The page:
Some days it’s the simple things that mean the most. It’s how we can get caught up listening to a bird singing or watching a rabbit in our back yard and suddenly forget everything else.
So it was with me when I took my daughter to a neighborhood park this week. It’s nearby and we’ve been there several times to fly kites, ride bikes or let her play on the playground. And my daughter is always excited to go. With her outgoing personality, she inevitably makes a new friend playing in the sandbox or on the slides and quickly they’re thick as thieves, inventing new games.
I wasn’t so anxious. Rain had been hitting us off and on throughout the day. It was easy to envision more weather blowing in or soggy grass. Sometimes it’s easier to not venture out than to take a gamble. Plus, I still had unfinished work, which I’m bad about not taking a break from.
A little to my surprise, we arrived and the ground was not wet at all. Even the sand in the volleyball area was dry and quickly my daughter was immersed with some other kids, making up their own game. Smaller children hung to the edges, one spread eagle making a sand angel, another burying her feet.
At the heart of the park stands a gazebo. A band was playing in front it and families and friends were spread out on their blankets and lawn chairs. Frisbees were thrown and eager dogs were ready to catch.
For all intents and purposes it could have simply been another day, but it wasn’t. This was an intentional gathering from members of six different community churches. Large tables were set out with hundreds of pounds of BBQ along with side dishes from members of all congregations. Everyone coming together for a communal meal under the partial shade of billowing clouds.
Each church offered up their own musicians to perform. Some paced while tuning up their banjos, others strummed their electric guitars. Off to one side a group of bagpipers gathered around a man with a massive black drum strapped to his chest. Music drifted across the lawn as one act after another took the stage while people ate their sandwiches and potato salads.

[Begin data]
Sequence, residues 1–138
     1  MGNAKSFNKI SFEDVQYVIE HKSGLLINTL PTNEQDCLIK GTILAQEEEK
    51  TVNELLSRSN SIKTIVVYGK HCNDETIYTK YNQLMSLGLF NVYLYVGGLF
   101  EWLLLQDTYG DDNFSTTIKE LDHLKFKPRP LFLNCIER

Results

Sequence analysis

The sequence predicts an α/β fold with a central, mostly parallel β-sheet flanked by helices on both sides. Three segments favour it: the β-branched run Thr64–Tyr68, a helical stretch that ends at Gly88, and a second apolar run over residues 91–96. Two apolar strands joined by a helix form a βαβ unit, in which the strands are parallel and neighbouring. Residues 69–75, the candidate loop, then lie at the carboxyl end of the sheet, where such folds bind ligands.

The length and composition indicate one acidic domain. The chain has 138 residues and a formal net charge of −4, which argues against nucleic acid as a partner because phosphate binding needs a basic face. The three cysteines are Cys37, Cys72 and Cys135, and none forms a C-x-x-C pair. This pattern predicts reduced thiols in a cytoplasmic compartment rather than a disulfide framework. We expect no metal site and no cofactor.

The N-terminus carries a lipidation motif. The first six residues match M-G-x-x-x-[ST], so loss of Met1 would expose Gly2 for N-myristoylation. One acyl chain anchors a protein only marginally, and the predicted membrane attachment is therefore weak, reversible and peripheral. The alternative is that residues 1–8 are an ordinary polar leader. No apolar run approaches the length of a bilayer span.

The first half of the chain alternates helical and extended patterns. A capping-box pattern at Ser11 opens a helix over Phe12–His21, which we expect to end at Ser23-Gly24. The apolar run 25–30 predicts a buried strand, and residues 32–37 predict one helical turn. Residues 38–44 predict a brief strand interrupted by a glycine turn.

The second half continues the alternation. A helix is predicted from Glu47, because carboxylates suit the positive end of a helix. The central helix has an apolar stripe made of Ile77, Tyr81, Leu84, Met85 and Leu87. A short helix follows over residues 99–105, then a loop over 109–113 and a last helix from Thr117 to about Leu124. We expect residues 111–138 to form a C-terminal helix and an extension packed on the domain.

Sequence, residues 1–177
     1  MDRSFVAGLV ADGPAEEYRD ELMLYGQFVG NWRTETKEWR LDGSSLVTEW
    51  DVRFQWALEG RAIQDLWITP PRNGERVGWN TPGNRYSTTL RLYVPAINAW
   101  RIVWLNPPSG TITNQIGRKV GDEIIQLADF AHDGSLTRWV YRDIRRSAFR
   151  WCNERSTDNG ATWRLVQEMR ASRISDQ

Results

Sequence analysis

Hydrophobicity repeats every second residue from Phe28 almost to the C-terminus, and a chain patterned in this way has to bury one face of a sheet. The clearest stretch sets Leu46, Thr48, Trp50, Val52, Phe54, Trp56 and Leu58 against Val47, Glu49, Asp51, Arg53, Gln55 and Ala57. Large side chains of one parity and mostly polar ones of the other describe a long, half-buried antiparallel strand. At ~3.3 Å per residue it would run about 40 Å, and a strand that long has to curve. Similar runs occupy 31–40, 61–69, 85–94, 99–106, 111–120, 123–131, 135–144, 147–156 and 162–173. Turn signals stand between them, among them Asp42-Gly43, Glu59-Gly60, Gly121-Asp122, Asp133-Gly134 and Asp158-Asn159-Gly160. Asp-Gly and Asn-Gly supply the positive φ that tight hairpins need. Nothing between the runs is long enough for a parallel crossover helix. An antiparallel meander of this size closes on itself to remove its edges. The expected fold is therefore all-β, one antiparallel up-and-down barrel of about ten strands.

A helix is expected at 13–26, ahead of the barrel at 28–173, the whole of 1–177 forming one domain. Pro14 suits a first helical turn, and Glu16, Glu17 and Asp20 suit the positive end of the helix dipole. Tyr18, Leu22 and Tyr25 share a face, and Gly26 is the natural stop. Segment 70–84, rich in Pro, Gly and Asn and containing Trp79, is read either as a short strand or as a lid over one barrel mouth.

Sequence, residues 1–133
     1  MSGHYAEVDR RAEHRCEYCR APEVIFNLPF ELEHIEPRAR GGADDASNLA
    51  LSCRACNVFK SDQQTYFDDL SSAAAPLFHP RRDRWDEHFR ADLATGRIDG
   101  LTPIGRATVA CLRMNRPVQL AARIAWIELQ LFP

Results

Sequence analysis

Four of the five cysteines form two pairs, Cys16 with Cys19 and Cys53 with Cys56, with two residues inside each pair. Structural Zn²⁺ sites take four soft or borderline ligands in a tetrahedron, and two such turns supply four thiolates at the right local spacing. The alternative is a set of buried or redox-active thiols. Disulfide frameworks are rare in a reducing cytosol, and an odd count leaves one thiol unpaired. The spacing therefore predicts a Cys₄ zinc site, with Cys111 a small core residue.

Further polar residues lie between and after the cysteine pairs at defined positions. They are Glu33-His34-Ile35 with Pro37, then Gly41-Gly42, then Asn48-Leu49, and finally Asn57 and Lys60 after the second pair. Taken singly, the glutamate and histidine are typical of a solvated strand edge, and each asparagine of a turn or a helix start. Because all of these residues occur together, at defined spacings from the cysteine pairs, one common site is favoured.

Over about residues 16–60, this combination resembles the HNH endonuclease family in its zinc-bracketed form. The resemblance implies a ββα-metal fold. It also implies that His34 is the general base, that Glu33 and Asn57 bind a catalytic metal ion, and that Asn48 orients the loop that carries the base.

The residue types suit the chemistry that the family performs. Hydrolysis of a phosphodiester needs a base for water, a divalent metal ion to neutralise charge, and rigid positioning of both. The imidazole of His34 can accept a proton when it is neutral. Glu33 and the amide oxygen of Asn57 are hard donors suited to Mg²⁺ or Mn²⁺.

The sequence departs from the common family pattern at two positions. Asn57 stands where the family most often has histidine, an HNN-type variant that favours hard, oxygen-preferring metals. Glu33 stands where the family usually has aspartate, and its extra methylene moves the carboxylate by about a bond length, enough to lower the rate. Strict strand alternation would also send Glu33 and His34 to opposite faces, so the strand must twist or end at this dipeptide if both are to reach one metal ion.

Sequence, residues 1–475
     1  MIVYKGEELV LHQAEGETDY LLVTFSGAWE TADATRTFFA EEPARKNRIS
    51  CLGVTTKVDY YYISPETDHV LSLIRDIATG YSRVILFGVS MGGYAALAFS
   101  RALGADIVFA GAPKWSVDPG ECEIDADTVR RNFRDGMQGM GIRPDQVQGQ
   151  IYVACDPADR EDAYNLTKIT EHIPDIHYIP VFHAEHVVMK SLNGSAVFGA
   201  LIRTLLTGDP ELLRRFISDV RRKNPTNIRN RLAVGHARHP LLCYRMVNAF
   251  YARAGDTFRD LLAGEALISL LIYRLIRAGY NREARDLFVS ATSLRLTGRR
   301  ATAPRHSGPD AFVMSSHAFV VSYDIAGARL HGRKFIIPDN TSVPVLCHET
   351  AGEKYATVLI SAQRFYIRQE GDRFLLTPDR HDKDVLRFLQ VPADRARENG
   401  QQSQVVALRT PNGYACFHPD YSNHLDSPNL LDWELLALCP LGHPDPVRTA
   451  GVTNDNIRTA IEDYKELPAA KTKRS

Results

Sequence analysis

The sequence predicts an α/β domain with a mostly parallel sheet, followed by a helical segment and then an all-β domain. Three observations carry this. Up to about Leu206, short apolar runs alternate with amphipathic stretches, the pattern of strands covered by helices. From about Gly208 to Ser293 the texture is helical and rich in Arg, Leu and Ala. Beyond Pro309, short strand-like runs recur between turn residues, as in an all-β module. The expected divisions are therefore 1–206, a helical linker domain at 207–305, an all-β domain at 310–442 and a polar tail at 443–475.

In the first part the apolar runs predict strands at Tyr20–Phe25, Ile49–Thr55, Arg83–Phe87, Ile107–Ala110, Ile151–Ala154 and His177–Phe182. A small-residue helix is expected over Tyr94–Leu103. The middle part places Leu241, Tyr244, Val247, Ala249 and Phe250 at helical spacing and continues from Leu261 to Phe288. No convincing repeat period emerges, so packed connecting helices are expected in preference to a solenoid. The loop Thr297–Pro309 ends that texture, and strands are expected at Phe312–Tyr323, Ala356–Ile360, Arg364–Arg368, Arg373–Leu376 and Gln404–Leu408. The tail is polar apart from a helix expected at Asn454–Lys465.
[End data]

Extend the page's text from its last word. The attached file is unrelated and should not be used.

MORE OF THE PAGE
A rivalry has been started with kickball teams – a carryover from the previous year. The Bible Thumpers showed up with their own tshirts, ready to take on The Heretics. It got people interacting, getting outside of their groups of friends on the lawn.
I found myself talking with parents of other children who were playing, shaking hands with friends and talking with people I hadn’t seen in a while. In fact, almost everywhere I turned I saw different people talking with each other, reaching out to meet new folks.
That was when I realized what a powerful thing was happening. These churches – Lutheran, Presbyterian, Episcopal, Jewish and a few nondenominational – were setting aside their worries about rain, their daily work, to join together. More importantly, I felt we were setting aside our dogma and differences to celebrate the common ground.
It reminded me that sometimes it’s the simple things that can make the most difference. Sometimes things as simple as a walk in the park.